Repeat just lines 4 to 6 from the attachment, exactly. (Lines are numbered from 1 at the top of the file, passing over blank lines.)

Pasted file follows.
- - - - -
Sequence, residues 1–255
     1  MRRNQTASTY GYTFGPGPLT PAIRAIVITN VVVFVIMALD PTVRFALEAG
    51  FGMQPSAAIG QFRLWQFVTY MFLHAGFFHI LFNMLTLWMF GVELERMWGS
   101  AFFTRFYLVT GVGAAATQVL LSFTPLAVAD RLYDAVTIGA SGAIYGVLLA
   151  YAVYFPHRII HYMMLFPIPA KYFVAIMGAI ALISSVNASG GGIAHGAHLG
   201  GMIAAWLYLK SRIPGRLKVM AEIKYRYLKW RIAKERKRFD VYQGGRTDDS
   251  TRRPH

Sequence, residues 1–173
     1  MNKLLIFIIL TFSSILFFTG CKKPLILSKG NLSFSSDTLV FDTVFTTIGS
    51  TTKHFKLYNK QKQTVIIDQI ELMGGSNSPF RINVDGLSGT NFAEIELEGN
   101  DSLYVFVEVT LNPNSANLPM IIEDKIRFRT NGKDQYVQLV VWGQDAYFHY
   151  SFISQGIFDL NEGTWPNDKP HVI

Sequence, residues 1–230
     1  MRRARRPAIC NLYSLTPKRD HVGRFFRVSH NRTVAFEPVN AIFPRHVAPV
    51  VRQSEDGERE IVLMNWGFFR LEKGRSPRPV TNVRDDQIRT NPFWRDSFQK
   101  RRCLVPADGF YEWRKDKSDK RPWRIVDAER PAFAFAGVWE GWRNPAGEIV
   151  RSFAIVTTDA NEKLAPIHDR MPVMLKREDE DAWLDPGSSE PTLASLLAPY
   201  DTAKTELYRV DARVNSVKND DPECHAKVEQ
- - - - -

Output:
   101  AFFTRFYLVT GVGAAATQVL LSFTPLAVAD RLYDAVTIGA SGAIYGVLLA
   151  YAVYFPHRII HYMMLFPIPA KYFVAIMGAI ALISSVNASG GGIAHGAHLG
   201  GMIAAWLYLK SRIPGRLKVM AEIKYRYLKW RIAKERKRFD VYQGGRTDDS